We also notice an evolution in the beginning and the growth of this institution. The word Mansab means a place, a position, an honour and a rank, which happened to be an integral part of the elaborate Mughal bureaucracy. Percival Spear rightly points out that this Mansabdari system was elite within an elite. Image Source: upload.
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The term mansab literally means position, status or rank, but in context of the structure of the Mughal administration it indicated the rank of mansabdar- that is holder of mansab - in the official hierarchy. Here, we are giving complete information on how the mechanism of the Mansabdari System used in Mughal Administration. Then, it was first introduced by Babur in North India. The Mansabdars were said to be the pillars of the Mughal administration; the entire nobility, in fact belonged to mansabs; among them one or the other held a mansab.
Mansabdari system was nothing but a system of nobles or mansabdars under which a mansabdar or noble was granted the rights to hold a jaguar which meant revenue assignments not the land itself for services rendered by them, but the authority bestowed upon them was not unbridled but with the direct control of these nobles in the hands of the king.
Campaigns of Mahmud of Ghazni in India: A Complete Overview Mechanism of Mansabdari System As above-mentioned mansabdars were paid either in cash naqd or in the form of assignments of areas of land jagir out of which they had the entitlement to collect the land revenue and all other taxes through an authority appointed by the emperor.
The revenue that was generated through their jagir was handed over to them and the same was deducted from their salary. Those who received pay in cash were known as naqdi and those paid through assignments of jagirs were called jagirdars.
Thus the mansabdari system became an integral part of the agrarian and the jagirdari system of Mughal administration under Akbar. As institutional framework of mansabdari existed in both military organization and civil administration the mansabdars were transferred from the civil administration to the military department and vice versa. List of the Great Mughal Emperors of India Structure of Mansadbdari System The mansab or rank was designated by dual representation - one by personal rank called zat and the other by cavalry rank called sawar.
To elaborate it further, a mansabdar was given rupees one thousand additional allowance if he had received the rank of five hundred sawars. Furthermore, the duties of a mansabdar were not in accordance with the mansab or position he held. For a mansabdar, higher rank did not necessarily mean a higher post.
For instance, Raja Man Singh was not a minister and still enjoyed a higher rank than Abul Fazal who was a minister in the court of Emperor. The emperor was the sole authority that conferred, decreased, increased and resumed the mansab. He also granted promotions to those who displayed their prowess in military service. The officers were granted territorial commands in return for the military service. They had to bring in some fixed number of men-at-arms, horses and elephants to the field and accordingly were rated on the basis of the numbers which was known as Zats.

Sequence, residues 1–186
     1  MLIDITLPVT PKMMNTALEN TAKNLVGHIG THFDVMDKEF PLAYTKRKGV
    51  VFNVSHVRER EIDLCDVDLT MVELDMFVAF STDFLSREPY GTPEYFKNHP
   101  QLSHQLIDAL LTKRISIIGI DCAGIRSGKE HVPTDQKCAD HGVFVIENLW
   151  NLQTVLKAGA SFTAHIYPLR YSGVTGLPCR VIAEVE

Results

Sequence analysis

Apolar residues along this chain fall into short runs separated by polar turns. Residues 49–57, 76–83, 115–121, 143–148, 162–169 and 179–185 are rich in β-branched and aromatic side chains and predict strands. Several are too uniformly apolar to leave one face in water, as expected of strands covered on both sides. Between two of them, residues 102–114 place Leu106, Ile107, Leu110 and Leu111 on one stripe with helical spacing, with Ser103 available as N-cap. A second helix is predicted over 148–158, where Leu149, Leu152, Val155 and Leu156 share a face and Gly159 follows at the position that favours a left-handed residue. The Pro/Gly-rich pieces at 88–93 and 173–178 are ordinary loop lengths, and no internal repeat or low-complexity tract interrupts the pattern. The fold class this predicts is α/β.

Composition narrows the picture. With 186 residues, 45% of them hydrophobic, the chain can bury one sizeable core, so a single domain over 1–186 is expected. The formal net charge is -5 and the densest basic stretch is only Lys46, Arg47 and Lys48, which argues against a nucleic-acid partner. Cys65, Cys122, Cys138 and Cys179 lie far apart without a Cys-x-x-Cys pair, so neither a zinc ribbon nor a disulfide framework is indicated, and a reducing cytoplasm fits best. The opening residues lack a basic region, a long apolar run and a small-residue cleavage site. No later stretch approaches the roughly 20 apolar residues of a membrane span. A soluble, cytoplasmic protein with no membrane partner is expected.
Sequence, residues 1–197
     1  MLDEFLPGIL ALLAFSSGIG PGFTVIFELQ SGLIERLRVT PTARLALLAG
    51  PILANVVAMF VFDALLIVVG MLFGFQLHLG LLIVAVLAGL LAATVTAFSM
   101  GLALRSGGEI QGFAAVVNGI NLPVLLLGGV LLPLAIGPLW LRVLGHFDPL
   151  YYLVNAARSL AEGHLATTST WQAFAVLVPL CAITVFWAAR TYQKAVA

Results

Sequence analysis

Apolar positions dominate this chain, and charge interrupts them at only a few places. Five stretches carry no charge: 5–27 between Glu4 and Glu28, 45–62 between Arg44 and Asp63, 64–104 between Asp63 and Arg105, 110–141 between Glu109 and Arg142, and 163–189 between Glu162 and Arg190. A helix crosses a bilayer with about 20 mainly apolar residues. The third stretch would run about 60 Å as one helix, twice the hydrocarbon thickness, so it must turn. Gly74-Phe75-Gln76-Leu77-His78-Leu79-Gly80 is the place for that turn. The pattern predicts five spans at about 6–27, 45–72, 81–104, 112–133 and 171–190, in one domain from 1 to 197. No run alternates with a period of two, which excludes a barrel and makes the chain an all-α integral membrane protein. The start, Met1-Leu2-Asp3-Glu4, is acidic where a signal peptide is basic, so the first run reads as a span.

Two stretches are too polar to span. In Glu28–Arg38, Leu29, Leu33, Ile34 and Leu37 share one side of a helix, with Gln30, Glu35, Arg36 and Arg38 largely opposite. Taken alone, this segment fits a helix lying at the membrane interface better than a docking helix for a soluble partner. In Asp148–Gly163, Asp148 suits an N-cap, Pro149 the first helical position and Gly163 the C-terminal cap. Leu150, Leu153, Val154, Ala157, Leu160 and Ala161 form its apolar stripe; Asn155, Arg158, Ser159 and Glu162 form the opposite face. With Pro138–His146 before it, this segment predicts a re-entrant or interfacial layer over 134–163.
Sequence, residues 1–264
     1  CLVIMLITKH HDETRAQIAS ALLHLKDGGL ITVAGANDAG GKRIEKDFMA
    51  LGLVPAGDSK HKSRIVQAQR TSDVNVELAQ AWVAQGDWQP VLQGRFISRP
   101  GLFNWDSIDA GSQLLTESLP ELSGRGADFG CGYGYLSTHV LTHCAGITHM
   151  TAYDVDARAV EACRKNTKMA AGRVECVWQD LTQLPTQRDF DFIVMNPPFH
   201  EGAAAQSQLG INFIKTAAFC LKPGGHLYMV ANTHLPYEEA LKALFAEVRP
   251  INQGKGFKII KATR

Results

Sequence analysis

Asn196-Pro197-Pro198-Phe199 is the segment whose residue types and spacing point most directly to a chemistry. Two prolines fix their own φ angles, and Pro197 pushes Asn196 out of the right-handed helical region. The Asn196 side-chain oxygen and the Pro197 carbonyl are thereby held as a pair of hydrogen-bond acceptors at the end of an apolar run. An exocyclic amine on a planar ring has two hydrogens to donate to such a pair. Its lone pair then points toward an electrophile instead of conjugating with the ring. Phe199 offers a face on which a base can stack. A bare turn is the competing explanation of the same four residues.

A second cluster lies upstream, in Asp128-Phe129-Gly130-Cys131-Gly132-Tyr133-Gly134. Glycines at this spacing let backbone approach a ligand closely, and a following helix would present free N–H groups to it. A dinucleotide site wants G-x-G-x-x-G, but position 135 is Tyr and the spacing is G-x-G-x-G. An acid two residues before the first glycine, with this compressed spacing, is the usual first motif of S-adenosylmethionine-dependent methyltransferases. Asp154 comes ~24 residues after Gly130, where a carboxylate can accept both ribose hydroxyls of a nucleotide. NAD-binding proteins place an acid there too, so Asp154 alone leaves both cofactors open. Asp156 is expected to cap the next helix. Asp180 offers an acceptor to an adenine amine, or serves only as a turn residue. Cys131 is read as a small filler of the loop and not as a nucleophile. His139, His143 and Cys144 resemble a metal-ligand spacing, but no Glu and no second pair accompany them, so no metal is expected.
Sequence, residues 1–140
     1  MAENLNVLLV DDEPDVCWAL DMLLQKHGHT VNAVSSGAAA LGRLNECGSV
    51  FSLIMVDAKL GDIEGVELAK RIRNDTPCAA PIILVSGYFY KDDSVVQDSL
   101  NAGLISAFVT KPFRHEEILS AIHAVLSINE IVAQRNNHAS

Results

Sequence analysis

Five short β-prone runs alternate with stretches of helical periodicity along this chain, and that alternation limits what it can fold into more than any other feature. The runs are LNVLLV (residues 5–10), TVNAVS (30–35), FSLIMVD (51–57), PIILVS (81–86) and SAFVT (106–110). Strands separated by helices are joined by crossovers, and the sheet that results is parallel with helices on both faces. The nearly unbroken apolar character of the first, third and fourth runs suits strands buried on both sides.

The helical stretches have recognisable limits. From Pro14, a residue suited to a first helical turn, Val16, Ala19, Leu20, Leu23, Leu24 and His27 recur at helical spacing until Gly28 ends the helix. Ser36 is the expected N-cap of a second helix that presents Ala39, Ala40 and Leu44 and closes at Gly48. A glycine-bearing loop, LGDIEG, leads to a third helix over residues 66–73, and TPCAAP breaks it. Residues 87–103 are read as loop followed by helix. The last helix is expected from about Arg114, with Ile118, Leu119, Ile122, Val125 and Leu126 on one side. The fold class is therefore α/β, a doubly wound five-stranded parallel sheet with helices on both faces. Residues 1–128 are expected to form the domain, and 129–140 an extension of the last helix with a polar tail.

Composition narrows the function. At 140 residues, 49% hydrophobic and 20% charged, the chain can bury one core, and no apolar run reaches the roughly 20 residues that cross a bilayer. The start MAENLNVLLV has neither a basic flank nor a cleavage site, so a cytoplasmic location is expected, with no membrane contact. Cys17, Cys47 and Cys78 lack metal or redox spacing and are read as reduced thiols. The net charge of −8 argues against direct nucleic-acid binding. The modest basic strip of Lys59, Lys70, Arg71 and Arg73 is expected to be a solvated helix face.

So they were called Mansabdars of 10, 20, , and and so on. Those holding ranks below zat were known as mansabdars, those holding ranks of more than zat that, but below 2, zat were named amirs and fall in the second category.
In the administration, the third category was of amir-i-umda or amir-i-azam or omrahs -those mansabdars who holding the ranks of 2, zat and more.
The lowest rank holder was provided with 10 mansabs. Mansingh,the first Mansabdar of zats and Bhagwan Das with zats ,enjoyed the privileged positions in the Mansabdari system of the empire. It is noteworthy that most of the Mansabdars were foreigners or were of Central Asian, Turk, Persian and Afghan origin, though there were also a small number of Indians who also got appointments as mansabdars. Later on, the highest number of mansabs was raised from 10, to 12,; thus there was no fixed number of mansabdars.
This law or rule was known as zabti. The son of a mansabdar, if he was granted a mansab, had to begin his tenure as mansabdar afresh as per the rules and regulations imposed on him by the emperor. Hence, the Mansabdari System of Mughal was a complex system. Its efficient functioning depended upon a number of factors, including the proper functioning of dagh branding system and of the jagirdari system.
Mansabdari System as Introduced by Akbar
From the available evidence, it appears that this system had been initiated by Akbar in However, ranks above five thousand were reserved for princes. A person could also be demoted if he became incompetent or disloyal as a mark of punishment. All employees of these ranks were expected to maintain a stipulated quota of horses, elephants, beasts of burden camels and mules , and carts from their own salary. Depending upon the quality, the horses were classified into six categories and the elephants were categorized into five categories. It was practiced because horses and elephants of high breed were greatly prized and were considered indispensable for an efficient military machine. This amount had been given to compensate him for his efforts and the larger responsibility integrated into this work.
Mansabdari System of Mughals and Rajasthan
Genesis of Mansabdari System Akbar introduced Mansabdari system of administration in with the help of Shahbaz Khan. However, the origin of Mansabdari system can be traced back to Mongols Changez Khan. Mansabdari System The mansabdars formed the ruling elite in the Mughal Empire. Consequently, the whole nobility, the bureaucracy as well as the military hierarchy, held mansabs. They were also meant for fixing the salaries and allowances of the officers. Mansab above and later on that of were given only to princess.